by Jon LeSage, editor and publisher, Green Auto Market
Here’s my take on the 10 most significant and interesting occurrences during the past week…….
- Effectively Promoting EVs: A new study by Plug In America analyzes how promotional efforts have performed in the US since automakers began the latest round of plug-in electric vehicle (PEV) launches in late 2010. “The Promotion of Electric Vehicles in the United States — A Landscape Assessment” delivers 11 key findings followed by recommendations Plug In America believes will stimulate PEV market growth. While the numbers are impressive – with over 300,000 PEVs now on US roads and nearly 120,000 of those being delivered last year – the report states that inconsistent governmental policies form a patchwork quilt across the country. Automakers have created over two dozen PEV models, yet only a few are actually available for purchase by consumers in all 50 states. “The U.S. stands at the crossroads of the largest technology in personal transportation in its history,” says principal researcher Kirk Brown, Plug In America’s Director of Strategic Partnerships. “The question ahead is how do we capture this early market growth and deliver the benefits of these vehicles to all consumers, everywhere.”
- Autonomous Heavy-Duty Truck: Freightliner Trucks, a Daimler Trucks North America division, just earned the first-ever license in the US to operate an autonomous heavy-duty truck. Nevada Governor Brian Sandoval has given the green light to Freightliner for what it calls the Inspiration Truck; the truck was unveiled last week along with a promotional video showing the Inspiration Truck rolling over the wall of the Hoover dam. The truck was extensively tested on Nevada roads before being granted the license; Daimler cites the high percentage of truck-involved accidents that include driver fatigue and the solution that Inspiration Truck provides.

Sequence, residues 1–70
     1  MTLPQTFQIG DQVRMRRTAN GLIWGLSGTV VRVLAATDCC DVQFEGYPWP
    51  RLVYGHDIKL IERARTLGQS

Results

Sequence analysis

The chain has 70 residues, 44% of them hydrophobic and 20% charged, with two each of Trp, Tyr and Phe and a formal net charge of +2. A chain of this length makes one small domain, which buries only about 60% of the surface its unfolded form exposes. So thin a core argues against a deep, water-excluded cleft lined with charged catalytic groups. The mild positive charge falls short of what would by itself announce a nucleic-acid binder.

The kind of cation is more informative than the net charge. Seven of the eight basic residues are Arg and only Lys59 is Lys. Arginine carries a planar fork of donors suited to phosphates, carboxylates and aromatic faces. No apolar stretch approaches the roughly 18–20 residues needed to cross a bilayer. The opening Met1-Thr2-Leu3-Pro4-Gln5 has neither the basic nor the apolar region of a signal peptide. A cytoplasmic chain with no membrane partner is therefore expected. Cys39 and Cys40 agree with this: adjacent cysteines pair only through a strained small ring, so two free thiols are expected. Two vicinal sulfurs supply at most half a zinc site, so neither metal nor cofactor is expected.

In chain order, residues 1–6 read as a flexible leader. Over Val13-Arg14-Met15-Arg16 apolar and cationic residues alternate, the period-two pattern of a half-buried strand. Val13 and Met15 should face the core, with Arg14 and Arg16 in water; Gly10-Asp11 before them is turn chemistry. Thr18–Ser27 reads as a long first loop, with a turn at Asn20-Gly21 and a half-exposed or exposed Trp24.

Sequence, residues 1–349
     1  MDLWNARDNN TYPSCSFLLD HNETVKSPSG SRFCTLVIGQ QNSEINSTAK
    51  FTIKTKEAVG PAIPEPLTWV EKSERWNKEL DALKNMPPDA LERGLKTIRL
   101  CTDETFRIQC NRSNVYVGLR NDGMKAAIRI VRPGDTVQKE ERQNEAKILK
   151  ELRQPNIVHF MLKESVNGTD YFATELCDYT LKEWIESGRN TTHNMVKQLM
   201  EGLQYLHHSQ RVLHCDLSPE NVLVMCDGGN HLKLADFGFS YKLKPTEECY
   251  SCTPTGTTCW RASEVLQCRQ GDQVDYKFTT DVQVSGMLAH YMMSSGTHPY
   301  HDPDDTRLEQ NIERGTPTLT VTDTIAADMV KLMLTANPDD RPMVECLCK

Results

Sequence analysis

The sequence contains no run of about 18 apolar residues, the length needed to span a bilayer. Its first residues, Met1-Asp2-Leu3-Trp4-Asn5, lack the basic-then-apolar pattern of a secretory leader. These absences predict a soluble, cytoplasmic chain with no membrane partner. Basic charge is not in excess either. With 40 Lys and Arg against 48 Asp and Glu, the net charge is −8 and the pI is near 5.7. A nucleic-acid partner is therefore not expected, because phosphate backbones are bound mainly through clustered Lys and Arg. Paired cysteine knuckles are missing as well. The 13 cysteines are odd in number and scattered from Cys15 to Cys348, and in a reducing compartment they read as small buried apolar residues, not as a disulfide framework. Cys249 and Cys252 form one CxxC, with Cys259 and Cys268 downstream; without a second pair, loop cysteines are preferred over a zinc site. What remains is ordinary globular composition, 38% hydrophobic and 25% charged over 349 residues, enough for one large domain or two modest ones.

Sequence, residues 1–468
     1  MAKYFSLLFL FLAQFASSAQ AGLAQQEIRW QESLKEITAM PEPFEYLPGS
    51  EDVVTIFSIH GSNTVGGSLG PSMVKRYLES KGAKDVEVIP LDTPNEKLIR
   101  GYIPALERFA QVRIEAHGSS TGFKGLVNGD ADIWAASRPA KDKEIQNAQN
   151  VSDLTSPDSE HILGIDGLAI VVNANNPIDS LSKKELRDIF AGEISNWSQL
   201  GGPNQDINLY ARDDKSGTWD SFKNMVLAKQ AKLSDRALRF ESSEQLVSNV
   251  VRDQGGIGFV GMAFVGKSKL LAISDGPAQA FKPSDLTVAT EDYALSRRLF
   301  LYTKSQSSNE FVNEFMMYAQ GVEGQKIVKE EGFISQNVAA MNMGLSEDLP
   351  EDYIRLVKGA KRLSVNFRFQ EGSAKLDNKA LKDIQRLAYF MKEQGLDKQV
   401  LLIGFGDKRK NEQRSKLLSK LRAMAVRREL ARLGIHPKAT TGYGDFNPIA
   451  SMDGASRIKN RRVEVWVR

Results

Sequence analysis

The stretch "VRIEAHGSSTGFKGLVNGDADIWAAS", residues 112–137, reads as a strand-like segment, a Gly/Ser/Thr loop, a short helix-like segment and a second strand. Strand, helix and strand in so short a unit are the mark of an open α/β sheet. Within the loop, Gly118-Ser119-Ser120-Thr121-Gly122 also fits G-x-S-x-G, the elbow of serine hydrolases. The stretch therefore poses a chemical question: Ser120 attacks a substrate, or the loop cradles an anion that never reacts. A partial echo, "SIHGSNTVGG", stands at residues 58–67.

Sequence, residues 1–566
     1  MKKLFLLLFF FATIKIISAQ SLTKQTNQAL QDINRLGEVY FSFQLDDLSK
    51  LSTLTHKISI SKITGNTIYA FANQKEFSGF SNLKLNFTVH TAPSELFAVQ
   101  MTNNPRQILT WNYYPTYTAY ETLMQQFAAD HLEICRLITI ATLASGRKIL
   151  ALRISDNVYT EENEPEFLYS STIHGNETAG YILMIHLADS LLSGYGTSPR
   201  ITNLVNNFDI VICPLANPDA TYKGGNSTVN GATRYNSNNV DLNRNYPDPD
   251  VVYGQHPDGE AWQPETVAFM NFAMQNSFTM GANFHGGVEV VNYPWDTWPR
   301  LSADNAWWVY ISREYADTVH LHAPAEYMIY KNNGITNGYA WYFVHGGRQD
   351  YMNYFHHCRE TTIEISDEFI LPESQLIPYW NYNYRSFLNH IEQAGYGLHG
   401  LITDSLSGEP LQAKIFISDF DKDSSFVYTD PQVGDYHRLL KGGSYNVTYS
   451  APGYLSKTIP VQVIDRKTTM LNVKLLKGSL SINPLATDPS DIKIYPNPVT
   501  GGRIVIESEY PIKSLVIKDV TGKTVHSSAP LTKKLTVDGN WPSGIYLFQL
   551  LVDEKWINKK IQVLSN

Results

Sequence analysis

- Concern over Tesla Earnings: While Tesla’s new energy storage division grabbed a lot of attention and enthusiasm last week, Tesla Motors’ first quarter earnings call went in another direction. Analysts are concerned about how long the company will be depleting its cash and cash equivalents – which went down to $1.51 billion on March 31 from $1.91 billion three months earlier. Adam Jonas, an analyst at Morgan Stanley, is concerned that cash could run out in about three quarters if this rate continues. During the quarterly call, Tesla executives said the spending has been focused on the upcoming Model X launch, toolings, a new paint shop, the Gigafactory, and its sales and service network. On a more positive note, Bloomberg Business reported that since launching its new battery storage product for homes and businesses, the company has taken orders for about $800 million in potential revenue.
- Hawaii Backs Off E10: Hawaii lawmakers passed a bill last week that would put an end to 10% ethanol blend (E10) in Hawaii gas stations. Gov. David Ige hasn’t yet made a decision on the bill, but he indicated he may be signing it. When the state followed California’s original lead and mandated the ethanol blend in 2006, the idea behind it was to support alternative fuels and to boost local agriculture. Opponents have made a convincing point that it’s missed the mark since Hawaii has been importing the blended fuel and paying a high cost for it.